MFest: a festival celebrating Muslim culture and ideas that doesn’t shy away from tough topics
14 May 2018
MFest is a dedicated festival of Muslim literature, culture and ideas. The first of its kind for the UK cultural landscape, it hit the ground running with the first instalment in April.
The festival, based at the British Library and P21 Gallery, spanned three days and covered a range of issues: from panels on Muslim soldiers in World War One to feminist narratives and artificial intelligence developments. There was also engaging conversations, tackling various topics from choreography to gastronomy, as well as zine making and poetry workshops, comedy, poetry performances and much more.
MFest hosted a talk called “The Caribbean Ummah,” which was held at the British Library at the end of April, giving necessary insight into the diverse Muslim diaspora. Muslims live all over the Caribbean, and this talk posed the question “what is their Islamic heritage and what does life look like for them today?”
The panel shared their knowledge of historical links originating from west African Muslim societies such as Mandinka, Hausa and Fulani, bridging the gap to the Caribbean by means of a harrowing colonial history often neglected in conventional Muslim discourse. There was also an emphasis on cultural contributions and the religious plurality of the islands.
“Gender and sexuality are human identities, not western constructs, that exist in Muslim-majority societies”
Writer, journalist, half of hip-hop and spoken word duo Poetic Pilgrimage Muneera Williams, emphasised the importance of archiving black Muslim experiences and history. She discussed her work in collaboration with the Everyday Muslim Project, where she currently works on the Black Muslim Heritage Project as a way to resolve the misconception “that black Muslims aren’t authentic Muslims, black Muslims haven’t really contributed that much…black Muslims are all converts or reverts to Islam…and our story isn’t really told.”
Muslim women aren’t monoliths, as Muneera is quick to point, describing all of her identities as “equally important”. “In fact looking at my studies in university now, they’re not so focused on the Caribbean but they’re looking at the idea of multiple marginalization and triple invisibility,” she told me.
Muneera sees the many facets of her identity as inseparable from one another: “I am a Muslim, I am black and I am a woman…being from Britain, coming from Jamaica all these different things, multiple layers, definitely have an effect on how I see the world.”
Her experience of navigating the world is a completely different experience that of “a black Muslim man…or an Arab Muslim woman”. With an endearing sparkle in her eyes, Muneera added, “there’s definitely much more to me”. She is currently working on her album debut for Poetic Pilgrimage and will be joining BBC Radio 2’s Pause For Thought.
On the same day, I went to the “Grenfell: Social Activism and the Failure of Politics” panel (pictured below), which explored the consequences of Grenfell on activist movements, posing important questions on how the working class diaspora is presented in the media.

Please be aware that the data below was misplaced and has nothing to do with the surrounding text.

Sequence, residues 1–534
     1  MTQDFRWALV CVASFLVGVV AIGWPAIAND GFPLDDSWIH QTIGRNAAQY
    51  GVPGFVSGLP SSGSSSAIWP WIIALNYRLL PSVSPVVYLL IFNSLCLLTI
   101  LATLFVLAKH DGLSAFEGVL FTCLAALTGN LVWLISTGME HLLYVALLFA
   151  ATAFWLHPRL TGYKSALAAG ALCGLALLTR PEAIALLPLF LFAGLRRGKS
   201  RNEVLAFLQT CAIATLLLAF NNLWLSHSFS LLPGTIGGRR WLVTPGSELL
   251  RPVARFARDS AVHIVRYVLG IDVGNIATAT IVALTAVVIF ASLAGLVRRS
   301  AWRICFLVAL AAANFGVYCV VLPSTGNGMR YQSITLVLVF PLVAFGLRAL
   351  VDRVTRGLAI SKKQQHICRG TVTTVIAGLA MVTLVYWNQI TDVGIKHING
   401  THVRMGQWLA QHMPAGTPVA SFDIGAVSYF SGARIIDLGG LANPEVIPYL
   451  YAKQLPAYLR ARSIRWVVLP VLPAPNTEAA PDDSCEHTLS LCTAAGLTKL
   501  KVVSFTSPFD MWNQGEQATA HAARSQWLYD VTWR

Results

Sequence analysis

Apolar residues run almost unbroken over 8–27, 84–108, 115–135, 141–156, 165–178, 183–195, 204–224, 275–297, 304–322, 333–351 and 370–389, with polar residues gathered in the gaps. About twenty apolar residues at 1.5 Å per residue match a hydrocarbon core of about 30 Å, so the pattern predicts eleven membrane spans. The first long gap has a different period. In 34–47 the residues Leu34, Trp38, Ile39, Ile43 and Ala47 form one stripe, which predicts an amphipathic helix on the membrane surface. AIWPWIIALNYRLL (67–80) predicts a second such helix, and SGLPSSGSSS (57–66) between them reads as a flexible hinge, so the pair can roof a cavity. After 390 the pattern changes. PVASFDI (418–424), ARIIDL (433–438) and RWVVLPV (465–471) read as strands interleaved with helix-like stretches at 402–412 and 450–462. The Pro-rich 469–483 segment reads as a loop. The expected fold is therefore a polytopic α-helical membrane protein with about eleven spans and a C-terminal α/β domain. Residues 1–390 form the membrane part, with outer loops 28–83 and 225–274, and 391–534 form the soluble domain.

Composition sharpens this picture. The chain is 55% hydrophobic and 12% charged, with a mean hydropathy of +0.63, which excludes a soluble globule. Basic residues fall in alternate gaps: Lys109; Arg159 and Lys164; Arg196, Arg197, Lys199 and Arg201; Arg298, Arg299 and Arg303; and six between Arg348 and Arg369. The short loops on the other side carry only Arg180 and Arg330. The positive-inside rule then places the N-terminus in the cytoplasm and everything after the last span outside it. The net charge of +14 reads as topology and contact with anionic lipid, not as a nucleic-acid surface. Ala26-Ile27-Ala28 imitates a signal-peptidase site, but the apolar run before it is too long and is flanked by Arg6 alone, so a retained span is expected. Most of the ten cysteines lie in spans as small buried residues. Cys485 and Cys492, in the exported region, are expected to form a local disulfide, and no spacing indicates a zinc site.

The “Forgotten Histories: Representation of Non-Binary Identities in Muslim Art” panel cultivated fruitful discussion on the orientalist gaze that tends to be intellectualized in western thought. A key point raised by Dr Nur Sobers-Khan was that artistic depictions of gender and sexuality are not simply an example of the Islamic world imitating dominant western art, but rather that gender and sexuality are human identities, not western constructs, that exist in Muslim-majority societies.
The panellists were careful not to ascribe sexuality and gender as strictly western identities, instead raising awareness of androgyny and masculinised identities in 19th-century Iranian art, for example.
Chair of the panel and broadcaster, journalist and filmmaker, Bidisha, shared some thoughts on representation and film. As a filmmaker, she described how “incredibly important” it is “to be part of an all-women team” during the production of her debut short film, An Impossible Poison.
Featuring as the central protagonist, Bidisha explained that it was important to represent women of colour in a non-stereotypical way, one which is often bound by passive fatalism and tropes of suffering. Audience’s expectations of character representation, Bidisha reflects, is “always incredibly raced and gendered”.
Bidisha, who is not a Muslim, made a poignant remark regarding racial homogeneity: “People know so little about the world that they assume all brown women are Muslim…It’s just really regressive and so basic that we are being judged just on colour”. Bidisha is currently working on her second film.
“As the new generation of Muslims, we have a new culture amongst ourselves”
The panels were thought-provoking, highlighting the importance of intersectional awareness within Muslim identity as well as subverting the typical “passive” Muslim narrative regurgitated in the media.
During “The Right Kind of Muslim?” Sayeeda Warsi explained that religious practice becomes a culture in itself. It promoted a sense of community and underlined the importance of heritage when earlier generations of Muslims were othered and subject to vile xenophobia.
However, as the new generation of Muslims, we have a new culture amongst ourselves, in which we do not necessarily adhere to one conventional Islamic culture, instead embracing a new cultural renaissance of ideas and approaches – a diverse and unifying Ummah.
By demonstrating open-mindedness and embracing the redefining of the cultures of Muslim identity in Britain, MFest offers something incredibly special. This is a very promising festival, which plans to make its comeback for a second edition.